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Poster B32

Examining the Neural Correlates of mTBI-related PTSD and Symptom Severity

Poster Session B - Sunday, April 14, 2024, 8:00 – 10:00 am EDT, Sheraton Hall ABC

Jessica Black1,2, Zachary Pierce2; 1Boston College School of Social Work, 2Boston College Cell to Society Lab

Posttraumatic Stress Disorder (PTSD) disrupts lives and carries high social, health, and economic burdens for individuals and society. PTSD is more prevalent in certain subgroups including military service personnel (MSP). Extant findings indicate that PTSD is associated with worse biological, psychological, and social outcomes after a mild traumatic brain injury (mTBI). Here we aim to examine the neural correlates of mTBI-related PTSD in this population to elucidate the pathophysiology of both conditions and to build predictive models to identify MSPs most at risk of developing persistent symptoms. We used PubMed, EMBASE, and ScienceDirect to conduct a systematic search for recent studies using resting-state functional magnetic resonance imaging in mTBI-related PTSD. Our systematic review processes yielded 33 studies for our review sample with 2,983 participants. Article quality was assessed using the QUADAS-2 instrument. Our forest plot meta-analysis showed that PTSD/mTBI had a more significant effect on trauma symptom severity than PTSD alone (g = 1.82). Effects between mTBI subgroups were explored. Our ALE meta-analysis identified numerous dissociable nodes of hyper- and hypoconnectivity at rest between both groups. Our linear regression identified a significant correlation between increased symptom severity and functional connectivity among MSPs with PTSD/TBI. Our funnel plot also indicated that our review sample presented a minimal risk of publication bias (p = .710). Our findings may contribute to prediction models for symptom severity and treatment.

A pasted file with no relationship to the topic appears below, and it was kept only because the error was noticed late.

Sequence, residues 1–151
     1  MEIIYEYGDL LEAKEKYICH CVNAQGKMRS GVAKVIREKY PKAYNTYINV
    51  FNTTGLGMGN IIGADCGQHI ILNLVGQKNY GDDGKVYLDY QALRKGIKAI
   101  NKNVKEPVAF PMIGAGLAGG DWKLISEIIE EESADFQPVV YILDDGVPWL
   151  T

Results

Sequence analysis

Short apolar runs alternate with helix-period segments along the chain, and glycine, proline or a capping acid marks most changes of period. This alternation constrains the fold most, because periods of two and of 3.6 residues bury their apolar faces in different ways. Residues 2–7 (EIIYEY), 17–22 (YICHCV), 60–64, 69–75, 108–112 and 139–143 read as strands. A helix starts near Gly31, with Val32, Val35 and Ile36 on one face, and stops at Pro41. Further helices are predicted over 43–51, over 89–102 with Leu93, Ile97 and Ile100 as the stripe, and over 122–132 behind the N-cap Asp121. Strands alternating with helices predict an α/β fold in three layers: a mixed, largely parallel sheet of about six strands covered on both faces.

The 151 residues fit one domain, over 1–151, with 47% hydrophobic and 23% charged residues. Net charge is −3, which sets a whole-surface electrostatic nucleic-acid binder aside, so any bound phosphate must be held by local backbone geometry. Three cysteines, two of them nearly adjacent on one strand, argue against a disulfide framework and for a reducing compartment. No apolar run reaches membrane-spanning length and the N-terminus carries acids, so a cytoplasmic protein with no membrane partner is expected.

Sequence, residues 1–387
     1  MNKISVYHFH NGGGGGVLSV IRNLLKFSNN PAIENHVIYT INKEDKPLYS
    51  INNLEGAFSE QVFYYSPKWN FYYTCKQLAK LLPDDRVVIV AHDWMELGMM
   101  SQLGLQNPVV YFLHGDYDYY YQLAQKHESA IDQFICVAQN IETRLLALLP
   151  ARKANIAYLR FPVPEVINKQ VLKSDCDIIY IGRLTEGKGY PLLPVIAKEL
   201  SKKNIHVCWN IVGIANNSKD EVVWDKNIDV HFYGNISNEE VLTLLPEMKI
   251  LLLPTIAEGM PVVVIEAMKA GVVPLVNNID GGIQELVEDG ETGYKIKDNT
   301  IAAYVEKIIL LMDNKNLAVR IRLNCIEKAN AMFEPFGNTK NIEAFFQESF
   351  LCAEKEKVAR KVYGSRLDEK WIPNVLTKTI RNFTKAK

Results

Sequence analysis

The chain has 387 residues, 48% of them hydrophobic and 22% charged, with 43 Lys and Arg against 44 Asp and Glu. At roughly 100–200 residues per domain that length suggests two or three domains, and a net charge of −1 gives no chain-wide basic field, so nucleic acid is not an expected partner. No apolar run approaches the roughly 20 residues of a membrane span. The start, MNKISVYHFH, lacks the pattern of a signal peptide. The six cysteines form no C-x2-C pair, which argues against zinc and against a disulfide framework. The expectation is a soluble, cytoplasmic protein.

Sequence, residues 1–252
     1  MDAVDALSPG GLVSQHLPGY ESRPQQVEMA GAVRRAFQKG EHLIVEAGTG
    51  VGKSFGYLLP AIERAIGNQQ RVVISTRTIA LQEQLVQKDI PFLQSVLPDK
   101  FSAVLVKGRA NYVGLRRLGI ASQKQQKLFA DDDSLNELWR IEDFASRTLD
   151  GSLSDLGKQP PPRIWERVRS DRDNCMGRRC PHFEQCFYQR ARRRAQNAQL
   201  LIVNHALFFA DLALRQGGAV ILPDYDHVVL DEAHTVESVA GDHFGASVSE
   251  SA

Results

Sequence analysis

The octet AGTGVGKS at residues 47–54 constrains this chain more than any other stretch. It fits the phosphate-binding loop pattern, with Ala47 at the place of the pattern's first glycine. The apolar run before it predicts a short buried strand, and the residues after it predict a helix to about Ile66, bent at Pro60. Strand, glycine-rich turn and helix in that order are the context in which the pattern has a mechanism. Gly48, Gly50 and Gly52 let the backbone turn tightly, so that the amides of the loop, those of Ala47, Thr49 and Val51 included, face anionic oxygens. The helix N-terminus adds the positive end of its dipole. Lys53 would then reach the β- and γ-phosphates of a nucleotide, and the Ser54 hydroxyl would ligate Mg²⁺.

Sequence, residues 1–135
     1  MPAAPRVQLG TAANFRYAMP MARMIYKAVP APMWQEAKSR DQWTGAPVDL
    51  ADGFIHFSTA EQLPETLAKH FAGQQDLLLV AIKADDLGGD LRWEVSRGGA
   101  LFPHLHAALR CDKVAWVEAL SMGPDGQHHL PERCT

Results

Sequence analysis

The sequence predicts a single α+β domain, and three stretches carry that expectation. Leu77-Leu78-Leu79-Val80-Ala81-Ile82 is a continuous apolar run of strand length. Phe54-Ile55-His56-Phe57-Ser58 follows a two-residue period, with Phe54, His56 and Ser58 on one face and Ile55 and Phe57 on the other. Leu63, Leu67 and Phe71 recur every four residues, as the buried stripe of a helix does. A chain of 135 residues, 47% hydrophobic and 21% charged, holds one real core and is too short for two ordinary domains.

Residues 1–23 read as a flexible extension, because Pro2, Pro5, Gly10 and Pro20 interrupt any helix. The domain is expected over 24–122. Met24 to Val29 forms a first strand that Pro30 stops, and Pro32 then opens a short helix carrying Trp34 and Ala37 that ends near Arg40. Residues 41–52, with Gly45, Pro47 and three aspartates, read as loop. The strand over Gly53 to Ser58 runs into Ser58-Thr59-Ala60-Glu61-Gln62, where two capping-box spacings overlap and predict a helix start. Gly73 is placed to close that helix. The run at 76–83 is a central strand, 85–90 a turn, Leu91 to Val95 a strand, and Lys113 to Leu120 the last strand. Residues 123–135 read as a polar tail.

Topic Area: EMOTION & SOCIAL: Other


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April 13–16  |  2024